There is a good chance historians will conclude that Comey’s letter to Congress, announcing he was reopening the email investigation, destroyed Clinton’s campaign. The emails were found on Anthony Weiner’s laptop. Weiner, who was the husband of top Clinton aid Huma Abedin, was being investigated for texting to a fifteen old girl pictures of Weiner half-naked.

The polls were trending towards Clinton at that moment, showing Clinton with double digit leads in the battleground states like Florida and North Carolina, which Trump later won. Political pundits at the time were talking of the Democrats being certain to recapture the Senate, and as to the many Congressional seats Clinton’s expected landslide coattails would bring in with her. The Democrats, at the time this is being written, picked up one Senate seat and seven House seats. Hillary Clinton was not the only potential winner knocked out of the box by Comey.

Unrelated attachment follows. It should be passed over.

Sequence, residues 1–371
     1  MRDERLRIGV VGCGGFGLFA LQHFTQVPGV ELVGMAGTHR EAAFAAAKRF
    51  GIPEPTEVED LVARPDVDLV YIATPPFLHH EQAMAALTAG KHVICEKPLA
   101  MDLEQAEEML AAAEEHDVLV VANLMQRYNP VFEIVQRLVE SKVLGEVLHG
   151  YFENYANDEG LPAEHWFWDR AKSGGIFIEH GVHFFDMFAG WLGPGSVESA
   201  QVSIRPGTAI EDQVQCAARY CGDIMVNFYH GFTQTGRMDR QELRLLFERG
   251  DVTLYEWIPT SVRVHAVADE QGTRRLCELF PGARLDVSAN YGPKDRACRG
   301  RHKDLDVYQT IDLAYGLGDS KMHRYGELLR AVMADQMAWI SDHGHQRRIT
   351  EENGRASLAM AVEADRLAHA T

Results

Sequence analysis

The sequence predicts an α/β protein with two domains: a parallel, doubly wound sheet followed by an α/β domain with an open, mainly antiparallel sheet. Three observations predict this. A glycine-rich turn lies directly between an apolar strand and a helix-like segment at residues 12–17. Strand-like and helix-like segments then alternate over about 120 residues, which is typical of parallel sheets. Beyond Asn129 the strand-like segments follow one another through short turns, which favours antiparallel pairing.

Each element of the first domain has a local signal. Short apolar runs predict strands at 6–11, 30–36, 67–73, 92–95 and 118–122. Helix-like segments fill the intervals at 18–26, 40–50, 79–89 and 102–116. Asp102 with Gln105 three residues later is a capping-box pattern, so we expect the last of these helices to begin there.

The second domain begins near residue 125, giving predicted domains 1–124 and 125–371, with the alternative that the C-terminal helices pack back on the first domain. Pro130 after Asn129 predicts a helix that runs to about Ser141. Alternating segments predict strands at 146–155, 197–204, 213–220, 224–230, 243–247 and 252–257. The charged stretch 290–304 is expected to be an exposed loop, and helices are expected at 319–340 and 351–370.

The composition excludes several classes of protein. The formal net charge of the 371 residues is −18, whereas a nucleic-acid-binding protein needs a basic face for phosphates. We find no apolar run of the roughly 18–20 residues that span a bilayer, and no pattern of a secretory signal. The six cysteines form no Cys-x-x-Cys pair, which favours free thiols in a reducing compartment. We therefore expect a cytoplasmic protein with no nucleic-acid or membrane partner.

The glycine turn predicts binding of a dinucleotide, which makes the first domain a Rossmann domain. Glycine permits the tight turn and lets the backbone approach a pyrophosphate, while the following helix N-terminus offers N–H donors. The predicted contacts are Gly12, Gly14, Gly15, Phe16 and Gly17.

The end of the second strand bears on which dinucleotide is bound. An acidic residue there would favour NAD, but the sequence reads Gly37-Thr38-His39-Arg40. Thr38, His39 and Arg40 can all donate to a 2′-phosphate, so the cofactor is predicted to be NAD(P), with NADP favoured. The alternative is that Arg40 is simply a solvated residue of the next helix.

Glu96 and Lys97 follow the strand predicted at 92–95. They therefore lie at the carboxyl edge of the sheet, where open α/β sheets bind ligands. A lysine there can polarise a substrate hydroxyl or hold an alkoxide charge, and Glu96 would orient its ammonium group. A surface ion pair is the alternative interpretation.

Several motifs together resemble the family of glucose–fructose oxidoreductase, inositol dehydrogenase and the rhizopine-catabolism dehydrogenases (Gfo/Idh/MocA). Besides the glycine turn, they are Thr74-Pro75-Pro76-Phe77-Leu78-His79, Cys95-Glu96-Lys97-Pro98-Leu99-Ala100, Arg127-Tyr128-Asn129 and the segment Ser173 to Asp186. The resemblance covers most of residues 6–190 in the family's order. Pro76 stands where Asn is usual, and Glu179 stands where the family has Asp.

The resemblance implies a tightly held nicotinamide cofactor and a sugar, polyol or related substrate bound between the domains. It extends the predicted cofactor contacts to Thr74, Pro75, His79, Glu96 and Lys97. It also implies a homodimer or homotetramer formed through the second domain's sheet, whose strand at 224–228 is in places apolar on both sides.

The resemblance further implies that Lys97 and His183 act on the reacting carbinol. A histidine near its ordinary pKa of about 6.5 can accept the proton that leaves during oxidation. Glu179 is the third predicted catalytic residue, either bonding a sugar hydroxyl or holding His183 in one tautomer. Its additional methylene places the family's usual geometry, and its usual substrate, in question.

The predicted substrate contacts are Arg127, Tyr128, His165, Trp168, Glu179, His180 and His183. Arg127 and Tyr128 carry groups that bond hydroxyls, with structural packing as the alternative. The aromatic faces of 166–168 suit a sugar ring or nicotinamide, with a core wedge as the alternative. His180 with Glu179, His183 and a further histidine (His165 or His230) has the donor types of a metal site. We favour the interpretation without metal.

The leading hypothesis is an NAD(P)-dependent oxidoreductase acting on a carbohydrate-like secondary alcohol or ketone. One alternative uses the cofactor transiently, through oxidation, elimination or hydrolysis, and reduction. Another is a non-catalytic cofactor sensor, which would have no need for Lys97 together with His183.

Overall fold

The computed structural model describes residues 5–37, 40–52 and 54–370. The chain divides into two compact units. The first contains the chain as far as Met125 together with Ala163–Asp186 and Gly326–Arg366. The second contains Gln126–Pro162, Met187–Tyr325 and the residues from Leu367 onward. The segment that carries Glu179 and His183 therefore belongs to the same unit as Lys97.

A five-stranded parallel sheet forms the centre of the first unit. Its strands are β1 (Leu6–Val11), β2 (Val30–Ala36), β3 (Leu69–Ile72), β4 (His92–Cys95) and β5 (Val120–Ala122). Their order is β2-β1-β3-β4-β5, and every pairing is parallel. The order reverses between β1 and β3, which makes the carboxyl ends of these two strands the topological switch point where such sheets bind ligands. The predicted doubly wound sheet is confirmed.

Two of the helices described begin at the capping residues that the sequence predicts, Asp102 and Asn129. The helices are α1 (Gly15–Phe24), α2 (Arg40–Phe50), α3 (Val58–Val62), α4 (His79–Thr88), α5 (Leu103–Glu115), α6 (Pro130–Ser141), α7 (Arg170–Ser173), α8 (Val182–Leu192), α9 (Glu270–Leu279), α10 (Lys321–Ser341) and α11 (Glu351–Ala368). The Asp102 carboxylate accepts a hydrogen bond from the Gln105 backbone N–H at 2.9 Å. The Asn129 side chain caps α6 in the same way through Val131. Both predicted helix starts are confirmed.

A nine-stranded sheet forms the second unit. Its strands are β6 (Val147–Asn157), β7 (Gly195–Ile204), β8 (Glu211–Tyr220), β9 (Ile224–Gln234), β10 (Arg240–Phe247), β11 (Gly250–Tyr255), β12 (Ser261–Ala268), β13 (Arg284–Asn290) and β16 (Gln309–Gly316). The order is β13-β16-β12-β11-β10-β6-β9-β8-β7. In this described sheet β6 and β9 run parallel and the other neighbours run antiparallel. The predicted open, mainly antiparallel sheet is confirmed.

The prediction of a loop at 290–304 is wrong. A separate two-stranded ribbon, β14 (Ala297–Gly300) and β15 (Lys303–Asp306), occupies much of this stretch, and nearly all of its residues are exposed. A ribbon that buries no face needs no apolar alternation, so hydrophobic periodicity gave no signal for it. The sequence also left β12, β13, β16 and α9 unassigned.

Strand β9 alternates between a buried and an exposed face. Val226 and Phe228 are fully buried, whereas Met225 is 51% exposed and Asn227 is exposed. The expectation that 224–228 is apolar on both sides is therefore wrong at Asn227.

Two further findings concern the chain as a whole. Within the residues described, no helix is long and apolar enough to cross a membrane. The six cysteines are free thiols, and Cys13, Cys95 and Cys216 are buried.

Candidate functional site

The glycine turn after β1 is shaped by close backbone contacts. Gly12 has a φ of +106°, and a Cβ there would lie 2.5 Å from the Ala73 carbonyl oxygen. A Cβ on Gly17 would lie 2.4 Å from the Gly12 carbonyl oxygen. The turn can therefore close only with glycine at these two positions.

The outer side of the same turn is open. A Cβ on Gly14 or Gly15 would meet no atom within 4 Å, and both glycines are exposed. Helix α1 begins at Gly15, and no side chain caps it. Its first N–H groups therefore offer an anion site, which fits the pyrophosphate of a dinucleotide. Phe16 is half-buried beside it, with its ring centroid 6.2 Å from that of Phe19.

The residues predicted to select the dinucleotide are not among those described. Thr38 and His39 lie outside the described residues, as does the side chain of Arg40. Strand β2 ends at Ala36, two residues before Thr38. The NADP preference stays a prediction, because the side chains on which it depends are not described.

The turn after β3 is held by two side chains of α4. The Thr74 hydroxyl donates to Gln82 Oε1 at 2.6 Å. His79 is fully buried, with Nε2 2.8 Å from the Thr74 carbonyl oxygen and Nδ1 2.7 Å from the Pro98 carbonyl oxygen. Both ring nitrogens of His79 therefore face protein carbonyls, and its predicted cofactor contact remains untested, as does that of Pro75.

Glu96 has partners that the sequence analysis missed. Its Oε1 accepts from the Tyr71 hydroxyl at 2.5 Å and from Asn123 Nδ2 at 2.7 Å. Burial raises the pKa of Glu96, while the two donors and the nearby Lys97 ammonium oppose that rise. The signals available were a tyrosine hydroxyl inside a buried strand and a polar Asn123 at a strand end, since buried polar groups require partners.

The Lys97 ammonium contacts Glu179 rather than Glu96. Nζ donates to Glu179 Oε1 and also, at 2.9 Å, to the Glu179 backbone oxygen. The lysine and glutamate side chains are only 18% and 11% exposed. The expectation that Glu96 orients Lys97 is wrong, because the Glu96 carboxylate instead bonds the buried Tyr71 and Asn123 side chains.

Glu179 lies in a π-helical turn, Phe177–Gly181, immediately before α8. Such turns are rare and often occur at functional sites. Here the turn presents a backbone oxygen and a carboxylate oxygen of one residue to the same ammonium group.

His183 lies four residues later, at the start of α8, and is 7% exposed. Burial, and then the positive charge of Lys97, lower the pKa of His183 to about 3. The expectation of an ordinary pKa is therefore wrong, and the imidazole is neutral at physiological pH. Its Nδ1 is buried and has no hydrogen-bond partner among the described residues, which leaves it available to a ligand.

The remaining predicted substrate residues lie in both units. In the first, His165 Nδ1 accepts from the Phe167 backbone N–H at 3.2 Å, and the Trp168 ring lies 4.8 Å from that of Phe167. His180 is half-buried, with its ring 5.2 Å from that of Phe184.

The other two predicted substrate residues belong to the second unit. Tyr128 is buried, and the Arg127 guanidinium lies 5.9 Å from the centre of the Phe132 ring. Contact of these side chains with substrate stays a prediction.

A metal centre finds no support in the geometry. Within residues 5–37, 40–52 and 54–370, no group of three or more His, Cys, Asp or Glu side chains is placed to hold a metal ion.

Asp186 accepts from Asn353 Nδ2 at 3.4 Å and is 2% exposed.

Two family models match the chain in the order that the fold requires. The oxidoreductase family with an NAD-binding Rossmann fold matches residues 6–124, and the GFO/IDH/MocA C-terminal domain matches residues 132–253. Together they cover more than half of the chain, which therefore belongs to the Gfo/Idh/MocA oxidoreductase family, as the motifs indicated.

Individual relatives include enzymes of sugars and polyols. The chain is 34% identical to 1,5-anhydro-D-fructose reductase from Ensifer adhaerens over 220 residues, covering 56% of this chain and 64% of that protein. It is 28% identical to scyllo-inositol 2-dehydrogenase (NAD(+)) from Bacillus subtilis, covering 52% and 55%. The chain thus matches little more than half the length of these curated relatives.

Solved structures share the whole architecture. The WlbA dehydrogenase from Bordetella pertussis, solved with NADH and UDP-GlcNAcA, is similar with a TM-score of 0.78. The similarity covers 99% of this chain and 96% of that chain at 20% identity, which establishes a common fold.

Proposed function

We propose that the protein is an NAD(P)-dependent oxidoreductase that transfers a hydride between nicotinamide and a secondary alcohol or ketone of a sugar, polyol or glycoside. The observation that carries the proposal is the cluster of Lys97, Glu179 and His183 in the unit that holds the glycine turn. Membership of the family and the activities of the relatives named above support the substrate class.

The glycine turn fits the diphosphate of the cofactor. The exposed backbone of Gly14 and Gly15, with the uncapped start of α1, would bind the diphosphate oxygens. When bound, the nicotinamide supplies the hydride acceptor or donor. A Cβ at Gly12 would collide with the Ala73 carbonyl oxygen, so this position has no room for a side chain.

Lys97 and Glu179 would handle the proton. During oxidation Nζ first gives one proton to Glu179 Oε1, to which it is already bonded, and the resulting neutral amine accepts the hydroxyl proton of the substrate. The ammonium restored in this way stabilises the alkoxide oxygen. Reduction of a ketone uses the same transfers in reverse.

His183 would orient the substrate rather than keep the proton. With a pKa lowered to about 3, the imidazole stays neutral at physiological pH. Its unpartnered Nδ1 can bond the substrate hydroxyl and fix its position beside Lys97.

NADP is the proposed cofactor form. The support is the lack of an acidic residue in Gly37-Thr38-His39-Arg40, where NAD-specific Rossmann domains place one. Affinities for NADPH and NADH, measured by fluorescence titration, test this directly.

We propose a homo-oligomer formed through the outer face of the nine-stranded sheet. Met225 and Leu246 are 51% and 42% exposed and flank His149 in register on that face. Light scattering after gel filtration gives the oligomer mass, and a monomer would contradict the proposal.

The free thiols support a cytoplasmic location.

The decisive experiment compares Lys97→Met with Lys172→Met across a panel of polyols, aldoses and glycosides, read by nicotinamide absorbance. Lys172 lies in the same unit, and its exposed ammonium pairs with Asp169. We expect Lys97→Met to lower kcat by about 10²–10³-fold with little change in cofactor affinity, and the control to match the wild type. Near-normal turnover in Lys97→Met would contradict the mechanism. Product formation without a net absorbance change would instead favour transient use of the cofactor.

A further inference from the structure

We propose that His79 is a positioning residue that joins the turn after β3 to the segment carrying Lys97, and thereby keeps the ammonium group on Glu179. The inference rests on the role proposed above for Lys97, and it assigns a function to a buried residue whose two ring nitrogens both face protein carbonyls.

Trump got the news of Comey’s reopening of the investigation as he was getting ready to speak before a rally. Trump reportedly caucused with his campaign advisers, stepped off the plane, and the over the next eight days proceeded to vitriolically denounce with gusto “Crooked Hillary” for email crimes which she would surely be indicted for. Trump said the nation would be paralyzed by a constitutional crisis if Clinton were elected.

“Maybe the system is not as rigged as I thought,” commented Trump.

Fox News’ Bret Baier broadcast a report that sources at the FBI confirmed that five foreign intelligence agencies had hacked into Weiner’s computer and found confidential information. Baier’s statement was completely and totally false, but by the time he retracted the story two days later it had gone viral in the right-wing blogosphere.

This was enough to rally old time, Clinton-hating Republicans to get behind Trump. These newly enthused Republicans likely provided Trump’s margin of victory.